A Yankee Journey from the South
In merely one sitting, a reader of Walt Whitman's piece Calvary Crossing a Ford might have the inclination to interpret the work as a simple depiction of some unknown band of horseman and the aesthetic scenery they encounter on their travels. With an eye that is more attentive to detail, literary elements such as the speaker's tone and Whitman's presentation of detail bring to light a deeper revelation; the Yankees are coming home.
The speaker's diction is not only sensory but also aesthetically so. He speaks of flags that, "flutter gayly in the wind," and rivers of a "silvery" hew. The speaker's personal image of the horseman is one of admiration as he sees, "each group, each person a picture." With the inclusion of onomatopoeia's such as the "musical clank" of arms, and the "splashing" of horses a peaceful mood is set and for the audience one of joy. This peaceful and joyful mood supports the existence of a jovial tone since mood is a byproduct of tone.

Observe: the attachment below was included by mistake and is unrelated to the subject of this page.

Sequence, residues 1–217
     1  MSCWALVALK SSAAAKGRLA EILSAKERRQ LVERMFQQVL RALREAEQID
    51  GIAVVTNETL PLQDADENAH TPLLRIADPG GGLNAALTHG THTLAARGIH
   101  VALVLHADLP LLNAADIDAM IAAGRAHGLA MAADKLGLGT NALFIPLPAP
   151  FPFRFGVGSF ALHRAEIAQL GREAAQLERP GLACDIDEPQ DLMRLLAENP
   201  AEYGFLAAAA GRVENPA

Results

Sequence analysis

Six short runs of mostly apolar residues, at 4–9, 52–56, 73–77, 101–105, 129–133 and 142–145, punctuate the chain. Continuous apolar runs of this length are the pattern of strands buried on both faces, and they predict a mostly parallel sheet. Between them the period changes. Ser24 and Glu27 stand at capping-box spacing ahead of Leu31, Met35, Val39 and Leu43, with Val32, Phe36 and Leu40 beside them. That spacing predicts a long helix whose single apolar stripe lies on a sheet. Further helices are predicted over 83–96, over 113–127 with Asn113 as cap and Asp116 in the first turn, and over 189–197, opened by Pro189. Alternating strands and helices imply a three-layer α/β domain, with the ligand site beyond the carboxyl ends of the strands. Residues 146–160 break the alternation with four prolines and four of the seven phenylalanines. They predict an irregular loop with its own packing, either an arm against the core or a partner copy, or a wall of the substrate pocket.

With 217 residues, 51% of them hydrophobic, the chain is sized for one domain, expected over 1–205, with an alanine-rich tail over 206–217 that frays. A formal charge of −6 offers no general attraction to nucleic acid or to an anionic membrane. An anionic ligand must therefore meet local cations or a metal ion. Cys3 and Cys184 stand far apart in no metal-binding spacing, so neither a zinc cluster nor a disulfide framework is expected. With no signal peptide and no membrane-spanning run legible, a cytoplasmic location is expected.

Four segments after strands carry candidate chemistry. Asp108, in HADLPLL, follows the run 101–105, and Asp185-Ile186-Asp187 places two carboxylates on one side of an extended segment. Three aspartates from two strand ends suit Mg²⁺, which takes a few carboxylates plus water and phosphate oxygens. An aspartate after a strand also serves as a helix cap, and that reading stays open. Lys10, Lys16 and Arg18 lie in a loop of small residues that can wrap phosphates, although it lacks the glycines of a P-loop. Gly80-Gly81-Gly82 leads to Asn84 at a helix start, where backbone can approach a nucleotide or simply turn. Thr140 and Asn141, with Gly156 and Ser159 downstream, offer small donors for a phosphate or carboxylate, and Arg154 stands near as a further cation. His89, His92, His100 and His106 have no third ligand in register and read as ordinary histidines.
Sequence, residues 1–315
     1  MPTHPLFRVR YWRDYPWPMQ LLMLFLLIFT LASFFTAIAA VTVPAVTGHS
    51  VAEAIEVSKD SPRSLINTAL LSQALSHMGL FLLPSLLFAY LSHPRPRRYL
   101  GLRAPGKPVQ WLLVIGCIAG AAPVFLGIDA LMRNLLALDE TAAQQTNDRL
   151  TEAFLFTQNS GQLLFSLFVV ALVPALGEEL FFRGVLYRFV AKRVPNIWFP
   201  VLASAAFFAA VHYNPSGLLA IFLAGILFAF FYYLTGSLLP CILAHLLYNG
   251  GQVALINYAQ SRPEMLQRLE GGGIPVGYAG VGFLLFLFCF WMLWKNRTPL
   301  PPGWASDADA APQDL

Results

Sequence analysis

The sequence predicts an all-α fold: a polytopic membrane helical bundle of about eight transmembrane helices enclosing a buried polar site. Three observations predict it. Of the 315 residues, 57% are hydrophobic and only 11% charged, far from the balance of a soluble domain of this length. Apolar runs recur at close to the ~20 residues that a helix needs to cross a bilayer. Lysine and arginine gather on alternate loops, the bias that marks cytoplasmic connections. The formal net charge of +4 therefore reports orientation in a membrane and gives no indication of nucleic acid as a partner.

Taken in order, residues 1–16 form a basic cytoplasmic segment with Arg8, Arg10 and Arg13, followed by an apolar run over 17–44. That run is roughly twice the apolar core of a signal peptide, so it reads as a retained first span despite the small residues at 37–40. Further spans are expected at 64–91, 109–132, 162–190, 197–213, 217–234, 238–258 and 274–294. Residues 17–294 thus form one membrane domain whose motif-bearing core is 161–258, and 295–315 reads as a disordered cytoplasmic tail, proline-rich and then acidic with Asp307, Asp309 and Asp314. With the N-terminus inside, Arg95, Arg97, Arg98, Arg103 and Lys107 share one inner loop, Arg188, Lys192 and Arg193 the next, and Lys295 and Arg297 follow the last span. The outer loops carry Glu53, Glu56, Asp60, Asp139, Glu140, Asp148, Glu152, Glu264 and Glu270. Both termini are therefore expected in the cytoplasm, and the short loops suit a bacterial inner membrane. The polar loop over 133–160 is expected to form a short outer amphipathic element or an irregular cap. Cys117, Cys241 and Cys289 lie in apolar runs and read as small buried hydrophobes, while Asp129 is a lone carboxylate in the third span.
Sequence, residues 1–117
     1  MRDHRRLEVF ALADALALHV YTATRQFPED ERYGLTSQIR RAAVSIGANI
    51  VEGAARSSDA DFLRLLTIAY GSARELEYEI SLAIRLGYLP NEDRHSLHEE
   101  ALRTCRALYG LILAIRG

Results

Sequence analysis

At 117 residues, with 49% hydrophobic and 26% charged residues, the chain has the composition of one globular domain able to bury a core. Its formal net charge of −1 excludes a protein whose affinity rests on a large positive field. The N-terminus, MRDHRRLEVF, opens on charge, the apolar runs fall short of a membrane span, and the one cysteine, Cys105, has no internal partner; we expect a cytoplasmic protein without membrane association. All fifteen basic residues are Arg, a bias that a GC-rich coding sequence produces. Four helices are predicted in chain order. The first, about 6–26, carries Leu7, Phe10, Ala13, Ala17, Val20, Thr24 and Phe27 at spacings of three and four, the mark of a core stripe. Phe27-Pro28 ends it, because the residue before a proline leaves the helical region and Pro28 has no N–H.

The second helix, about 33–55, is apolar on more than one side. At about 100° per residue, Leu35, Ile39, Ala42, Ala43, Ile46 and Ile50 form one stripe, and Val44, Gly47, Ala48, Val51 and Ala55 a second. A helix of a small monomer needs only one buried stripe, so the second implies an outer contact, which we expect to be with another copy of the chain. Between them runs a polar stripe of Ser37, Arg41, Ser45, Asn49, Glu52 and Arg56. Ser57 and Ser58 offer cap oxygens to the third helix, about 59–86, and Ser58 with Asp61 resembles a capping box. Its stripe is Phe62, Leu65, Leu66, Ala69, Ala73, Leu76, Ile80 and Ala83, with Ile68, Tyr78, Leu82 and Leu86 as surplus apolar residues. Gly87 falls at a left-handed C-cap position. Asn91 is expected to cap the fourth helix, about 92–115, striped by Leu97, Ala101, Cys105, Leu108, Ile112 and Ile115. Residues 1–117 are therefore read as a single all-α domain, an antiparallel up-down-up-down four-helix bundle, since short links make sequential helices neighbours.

While it is the speaker who deserves the credit for influencing how we feel about the piece, Whitman receives all the credit for showing us whom to show our feeling for as a result of his presentation of detail. The reader first learns of the identity of the horsemen in the opening as a "line in long array." The secondary denotation of array- a military force- fits in with further descriptions of the Calvary unit having "arms" or weapons that "flash in the sun," and of Calvary wielding "guidon flags."
Secondly, through Whitman's presentation of detail the reader learns of the Calvary's journey beginnings. The journey is a long one "horses loitering stop to drink," "negligent (riders) rest on the saddles." However, the most prominent images are of "Scarlet and blue and snowy white" guidon flags and men "brown-faced." The "Scarlet and blue and snowy white" guidon flags are a symbol for the flag of the American people. In keeping with the time period of this...
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